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Forward SGF report sheds light on city’s future

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Civic and business leaders yesterday began examining a report on Springfield’s future prepared by Chicago-based Houseal Lavigne Associates LLC. Quality of place is identified as a major theme.

Houseal Lavigne Associates, which the city hired last year for its 20-year comprehensive plan called Forward SGF, identified challenges and opportunities in the report presented at the Jan. 28 City Council luncheon. The city’s Planning and Development Department and the Forward SGF Advisory Team met with council members to discuss the initial findings.

Placemaking permeated multiple areas of the report, with the Forward SGF planning process taking a place-based approach to land use and development.

“The intent of the Forward SGF comprehensive plan is to preserve Springfield’s established neighborhoods and commercial districts, while encouraging reinvestment and new development that provides for a sustainable future,” the Houseal Lavigne Associates report reads. “The place-based approach will allow the city and its partners to effectively plan and manage existing unique areas and define desired growth and development across the city and in adjacent areas of Greene County.”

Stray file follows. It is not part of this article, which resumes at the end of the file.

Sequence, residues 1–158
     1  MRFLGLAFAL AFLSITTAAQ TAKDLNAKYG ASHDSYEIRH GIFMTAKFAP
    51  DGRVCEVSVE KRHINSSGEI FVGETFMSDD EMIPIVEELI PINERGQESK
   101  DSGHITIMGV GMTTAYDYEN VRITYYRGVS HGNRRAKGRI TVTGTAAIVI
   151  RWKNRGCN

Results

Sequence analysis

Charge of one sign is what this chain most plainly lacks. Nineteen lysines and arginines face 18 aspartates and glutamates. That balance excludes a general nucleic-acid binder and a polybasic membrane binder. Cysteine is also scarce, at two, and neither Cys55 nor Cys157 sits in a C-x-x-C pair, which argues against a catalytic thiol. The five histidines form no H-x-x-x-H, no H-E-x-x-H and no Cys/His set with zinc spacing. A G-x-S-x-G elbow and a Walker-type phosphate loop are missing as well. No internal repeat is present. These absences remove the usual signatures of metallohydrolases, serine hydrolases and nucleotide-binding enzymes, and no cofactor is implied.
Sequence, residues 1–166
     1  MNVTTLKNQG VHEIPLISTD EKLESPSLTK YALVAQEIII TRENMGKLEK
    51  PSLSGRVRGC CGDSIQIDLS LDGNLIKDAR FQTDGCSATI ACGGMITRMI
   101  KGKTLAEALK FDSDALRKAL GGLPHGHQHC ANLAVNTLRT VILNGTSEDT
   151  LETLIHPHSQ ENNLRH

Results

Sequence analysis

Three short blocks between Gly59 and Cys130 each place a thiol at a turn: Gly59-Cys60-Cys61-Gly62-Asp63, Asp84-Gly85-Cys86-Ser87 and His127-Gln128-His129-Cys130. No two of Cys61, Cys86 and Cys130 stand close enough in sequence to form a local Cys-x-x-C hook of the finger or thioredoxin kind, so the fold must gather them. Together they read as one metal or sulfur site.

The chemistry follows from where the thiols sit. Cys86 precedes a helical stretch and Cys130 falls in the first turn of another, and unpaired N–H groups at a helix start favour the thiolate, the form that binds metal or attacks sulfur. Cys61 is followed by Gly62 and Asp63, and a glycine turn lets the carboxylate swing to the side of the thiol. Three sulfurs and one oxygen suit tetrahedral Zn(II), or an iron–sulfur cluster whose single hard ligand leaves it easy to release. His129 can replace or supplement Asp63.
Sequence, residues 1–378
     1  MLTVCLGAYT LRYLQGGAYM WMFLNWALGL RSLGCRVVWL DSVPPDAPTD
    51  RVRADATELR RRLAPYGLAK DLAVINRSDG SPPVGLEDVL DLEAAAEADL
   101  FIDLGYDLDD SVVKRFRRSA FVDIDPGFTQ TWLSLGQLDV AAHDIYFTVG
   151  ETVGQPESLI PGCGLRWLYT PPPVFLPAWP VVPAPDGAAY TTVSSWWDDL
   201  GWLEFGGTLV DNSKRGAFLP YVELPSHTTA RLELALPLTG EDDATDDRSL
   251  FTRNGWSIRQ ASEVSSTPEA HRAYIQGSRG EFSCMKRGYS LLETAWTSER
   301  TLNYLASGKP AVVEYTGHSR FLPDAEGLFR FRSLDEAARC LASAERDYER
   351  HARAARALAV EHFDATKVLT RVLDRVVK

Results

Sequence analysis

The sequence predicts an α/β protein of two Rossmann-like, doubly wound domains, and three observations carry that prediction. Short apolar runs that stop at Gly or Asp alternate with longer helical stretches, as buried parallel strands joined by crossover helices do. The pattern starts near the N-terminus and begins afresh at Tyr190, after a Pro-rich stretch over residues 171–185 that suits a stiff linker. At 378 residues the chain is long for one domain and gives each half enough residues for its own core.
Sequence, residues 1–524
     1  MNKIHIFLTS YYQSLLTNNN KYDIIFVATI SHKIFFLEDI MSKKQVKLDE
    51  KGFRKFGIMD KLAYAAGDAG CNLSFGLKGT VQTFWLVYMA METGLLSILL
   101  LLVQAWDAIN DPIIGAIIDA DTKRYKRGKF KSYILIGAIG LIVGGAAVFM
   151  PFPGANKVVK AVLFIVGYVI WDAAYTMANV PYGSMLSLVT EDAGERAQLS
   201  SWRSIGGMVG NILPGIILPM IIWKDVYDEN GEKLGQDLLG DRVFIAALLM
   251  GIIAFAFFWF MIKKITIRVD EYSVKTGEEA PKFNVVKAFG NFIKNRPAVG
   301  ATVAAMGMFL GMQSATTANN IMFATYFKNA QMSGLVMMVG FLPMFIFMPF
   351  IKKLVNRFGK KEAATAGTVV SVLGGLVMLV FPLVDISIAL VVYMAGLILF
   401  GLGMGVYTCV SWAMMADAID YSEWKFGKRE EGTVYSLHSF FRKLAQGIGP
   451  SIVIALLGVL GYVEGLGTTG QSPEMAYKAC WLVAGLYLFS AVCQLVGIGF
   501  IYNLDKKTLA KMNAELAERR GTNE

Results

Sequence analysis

The report identifies 12 so-called placetypes that currently exist within Springfield as a means to classify the city and show potential areas of improvement.

The placetypes are:
• airport;
• commercial corridor;
• commercial and light industrial;
• edge neighborhood;
• established neighborhood;
• industrial;
• institutional and employment center;
• mixed residential;
• mixed-use;
• neighborhood node;
• regional green space; and
• rural and undeveloped.

The report identified commercial corridor issues, including a poor appearance of areas such as Glenstone Avenue. It’s described in the report to “generally lack landscaping and surface parking lots dominate the landscape.” The report also identifies a lack of bicycle and pedestrian infrastructure, poor land use and transportation strategies, and shallow lot depths in commercial corridors.

Projects such as the Grant Avenue Parkway Trail Connection Project, funded by a $21 million federal grant and $5.2 million in matching city funds, is among the bright spots for the city’s future identified in the report, along with hospitality additions such as Hotel Vandivort’s expansion and the art museum’s master plan.

The first of a series of public workshops was held last night. Two others are scheduled today: 2 p.m. at University Plaza Hotel and 6:30 p.m. at Relics Event Center.

“The visioning phase of the process is one of key community input opportunities,” Forward SGF Project Coordinator Randall Whitman said in the release. “It’s critical that we get great representation from across the city, including area businesses, employers, the workforce, students [and] neighborhood leaders, as well as long-time and short-time residents of Springfield.”

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